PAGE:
Abstract
Spherical atoms have the highest geometrical symmetry. Due to this symmetry, atomic orbitals are highly degenerate, leading to closedshell stability and magnetism. No substances with greater degrees of degeneracy are known, due to geometrical limitations. We now propose that realistic magnesium, zinc, and cadmium clusters having a specific tetrahedral framework possess anomalous higherfold degeneracies than spherical symmetry. Combining density functional theory calculations with simple tightbinding models, we demonstrate that these degeneracies can be attributed to dynamical symmetry. The degeneracy condition is fully identified as an elegant mathematical sequence involving interatomic parameters. The introduction of dynamical symmetry will lead to the discovery of a novel category of substances with superdegenerate orbitals.
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Introduction
Symmetry is the most fundamental concept in both physics and chemistry^{1,2,3}, and the basic properties of classical and quantum systems can be derived based on this concept. In real space, atoms have the highest geometrical symmetry, threedimensional spherical symmetry O(3). As a result of this symmetry, these species possess atomic orbitals with the high degrees of degeneracy, such as d orbitals, which have a fivefold degeneracy. This degeneracy in turn leads to certain properties, such as closedshell stability and magnetism. However, species having higher degrees of degeneracy than atoms have not yet been known, due to the limitations of geometrical symmetry. It is of interest to consider whether or not it is possible to overcome this limitation.
Recently, the concept of a superatom has been proposed and developed^{4,5,6,7,8}. A superatom is analogous to an atom but with a higherorder structure: highly symmetrical metal clusters possess delocalized molecular orbitals, the shapes of which are just like those of atomic orbitals. This analogy can be understood based on the threedimensional spherical jellium model^{9}. As the full occupation of superatomic orbitals results in stable closed shells, the numbers of valence electrons necessary for closed shells are termed magic numbers. Clusters satisfying the magic number requirement have been detected and characterized by gasphase spectroscopic methods. The most outstanding example is an aluminum cluster, Al_{13}^{−}, having I_{h} symmetry^{4}. The molecular orbitals of this cluster are superatomic S, P, D, F, ⋯ orbitals and a stable closedshell structure is formed similar to that of a halogen anion. Various other examples have also been reported, including Au_{20} having T_{d} symmetry^{10}. The spherical jellium model has been applied with considerable success in cluster science. However, even if a cluster belongs to the highest point group, I_{h}, its superatomic orbitals will split depending on their irreducible representations. The degree of degeneracy must be less than six based on pointgroup theory^{11}, with the exception of spinorbital degeneracy.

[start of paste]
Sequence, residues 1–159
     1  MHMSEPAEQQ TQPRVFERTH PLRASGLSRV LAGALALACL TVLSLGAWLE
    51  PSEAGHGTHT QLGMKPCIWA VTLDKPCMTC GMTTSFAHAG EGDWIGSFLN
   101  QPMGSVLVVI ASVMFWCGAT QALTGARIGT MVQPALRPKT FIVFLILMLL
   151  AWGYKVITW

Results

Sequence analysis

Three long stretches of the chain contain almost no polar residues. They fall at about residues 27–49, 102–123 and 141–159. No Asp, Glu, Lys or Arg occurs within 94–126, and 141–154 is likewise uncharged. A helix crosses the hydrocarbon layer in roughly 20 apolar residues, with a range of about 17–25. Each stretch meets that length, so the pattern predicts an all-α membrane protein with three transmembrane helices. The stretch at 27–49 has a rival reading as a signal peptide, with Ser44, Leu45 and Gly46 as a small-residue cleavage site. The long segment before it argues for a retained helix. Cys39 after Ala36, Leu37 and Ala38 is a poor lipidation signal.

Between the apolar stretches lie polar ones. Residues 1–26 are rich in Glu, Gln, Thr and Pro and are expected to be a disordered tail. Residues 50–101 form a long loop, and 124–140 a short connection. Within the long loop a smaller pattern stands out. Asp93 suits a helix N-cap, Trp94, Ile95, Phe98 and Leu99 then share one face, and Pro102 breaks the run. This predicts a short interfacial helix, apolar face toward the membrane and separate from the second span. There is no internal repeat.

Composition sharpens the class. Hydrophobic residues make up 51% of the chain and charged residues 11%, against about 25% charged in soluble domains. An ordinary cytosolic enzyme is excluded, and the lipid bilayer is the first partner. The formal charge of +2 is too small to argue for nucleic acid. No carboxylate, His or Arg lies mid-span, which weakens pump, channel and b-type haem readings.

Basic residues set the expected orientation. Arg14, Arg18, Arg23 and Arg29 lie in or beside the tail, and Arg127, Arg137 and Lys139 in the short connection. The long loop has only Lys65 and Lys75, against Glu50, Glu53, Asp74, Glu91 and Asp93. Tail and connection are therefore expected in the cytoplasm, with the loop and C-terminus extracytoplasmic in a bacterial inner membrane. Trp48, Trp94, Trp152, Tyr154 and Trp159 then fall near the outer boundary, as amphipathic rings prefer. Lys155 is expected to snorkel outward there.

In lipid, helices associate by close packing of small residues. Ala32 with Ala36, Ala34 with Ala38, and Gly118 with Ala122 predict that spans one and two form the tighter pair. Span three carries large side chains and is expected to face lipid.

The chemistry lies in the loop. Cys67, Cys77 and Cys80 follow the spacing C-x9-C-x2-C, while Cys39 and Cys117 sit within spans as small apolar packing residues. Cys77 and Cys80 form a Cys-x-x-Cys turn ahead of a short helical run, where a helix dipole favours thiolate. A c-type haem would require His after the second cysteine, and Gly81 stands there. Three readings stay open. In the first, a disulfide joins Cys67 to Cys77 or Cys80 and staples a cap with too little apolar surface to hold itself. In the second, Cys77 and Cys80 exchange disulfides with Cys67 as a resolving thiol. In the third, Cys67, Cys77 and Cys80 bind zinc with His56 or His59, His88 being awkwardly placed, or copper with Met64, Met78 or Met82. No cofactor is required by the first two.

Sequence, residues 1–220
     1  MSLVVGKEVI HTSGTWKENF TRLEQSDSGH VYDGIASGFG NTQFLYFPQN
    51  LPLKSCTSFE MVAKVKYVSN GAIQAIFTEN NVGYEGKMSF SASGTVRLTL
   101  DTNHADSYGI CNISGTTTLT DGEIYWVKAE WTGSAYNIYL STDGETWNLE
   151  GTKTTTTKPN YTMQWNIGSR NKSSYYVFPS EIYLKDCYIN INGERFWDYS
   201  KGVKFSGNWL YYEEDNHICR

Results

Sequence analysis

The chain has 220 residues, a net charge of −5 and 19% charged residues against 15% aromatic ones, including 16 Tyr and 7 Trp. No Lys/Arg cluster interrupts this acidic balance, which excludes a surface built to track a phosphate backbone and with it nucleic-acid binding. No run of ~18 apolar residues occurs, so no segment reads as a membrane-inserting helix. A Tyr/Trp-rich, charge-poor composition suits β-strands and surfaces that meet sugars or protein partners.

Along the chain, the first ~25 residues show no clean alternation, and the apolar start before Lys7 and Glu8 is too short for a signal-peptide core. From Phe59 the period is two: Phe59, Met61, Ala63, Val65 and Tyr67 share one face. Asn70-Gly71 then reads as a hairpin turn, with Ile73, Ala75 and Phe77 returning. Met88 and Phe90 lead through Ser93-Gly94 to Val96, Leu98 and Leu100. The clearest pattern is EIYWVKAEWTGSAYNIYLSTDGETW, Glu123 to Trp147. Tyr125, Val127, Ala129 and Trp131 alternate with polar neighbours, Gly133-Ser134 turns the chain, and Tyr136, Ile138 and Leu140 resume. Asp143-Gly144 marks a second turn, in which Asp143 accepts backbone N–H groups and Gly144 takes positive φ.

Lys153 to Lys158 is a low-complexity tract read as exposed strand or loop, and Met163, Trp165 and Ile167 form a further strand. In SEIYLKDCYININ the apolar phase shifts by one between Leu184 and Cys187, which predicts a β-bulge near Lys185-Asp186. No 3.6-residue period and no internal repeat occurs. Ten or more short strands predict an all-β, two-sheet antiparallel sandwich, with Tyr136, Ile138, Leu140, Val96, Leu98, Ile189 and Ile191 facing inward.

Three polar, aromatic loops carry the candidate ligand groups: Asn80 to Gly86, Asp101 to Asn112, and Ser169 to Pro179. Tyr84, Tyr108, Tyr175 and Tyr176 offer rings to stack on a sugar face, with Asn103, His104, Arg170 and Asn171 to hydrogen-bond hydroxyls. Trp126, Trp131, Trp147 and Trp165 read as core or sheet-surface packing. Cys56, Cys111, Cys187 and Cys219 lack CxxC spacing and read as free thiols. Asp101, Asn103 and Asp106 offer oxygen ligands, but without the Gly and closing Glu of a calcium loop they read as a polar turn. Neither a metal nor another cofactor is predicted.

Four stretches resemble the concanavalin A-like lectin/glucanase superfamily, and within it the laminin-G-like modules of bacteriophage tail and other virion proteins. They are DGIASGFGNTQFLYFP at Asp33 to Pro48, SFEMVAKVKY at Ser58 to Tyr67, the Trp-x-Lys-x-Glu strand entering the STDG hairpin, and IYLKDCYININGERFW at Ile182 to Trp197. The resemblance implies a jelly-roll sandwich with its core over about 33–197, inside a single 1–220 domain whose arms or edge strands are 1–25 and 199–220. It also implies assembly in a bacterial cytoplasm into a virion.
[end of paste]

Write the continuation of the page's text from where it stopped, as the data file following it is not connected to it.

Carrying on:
Nongeometrical symmetry has also been known, which gives rise to a greater degree of orbital degeneracy than that of spherical symmetry O(3)^{3,12}. As this symmetry originates not from geometrical properties but rather from dynamical characteristics, it is referred to as dynamical symmetry. A typical example is the hydrogen atom, in which the unoccupied atomic orbitals are highly degenerate, because its Hamiltonian possesses symmetry associated with the Laplace–Runge–Lenz vector^{13}, in addition to threedimensional spherical symmetry. As a result, the atom formally possesses fourdimensional spherical symmetry. Another example is the threedimensional isotropic harmonic oscillator, in which the 2S and 1D orbitals are 6fold degenerate, the 2P and 1F orbitals are 10fold degenerate, and the 3S, 2D, and 1G orbitals are 15fold degenerate, and so on. This occurs because the Hamiltonian of this oscillator has U(3) symmetry^{1,3,12,14}. With the exception of the extreme example of the hydrogen atom, such dynamical symmetry has not yet been found in an actual substance. However, it is expected that species with this type of symmetry could exceed the spherical symmetry of atoms and exhibit unique electronic and magnetic properties.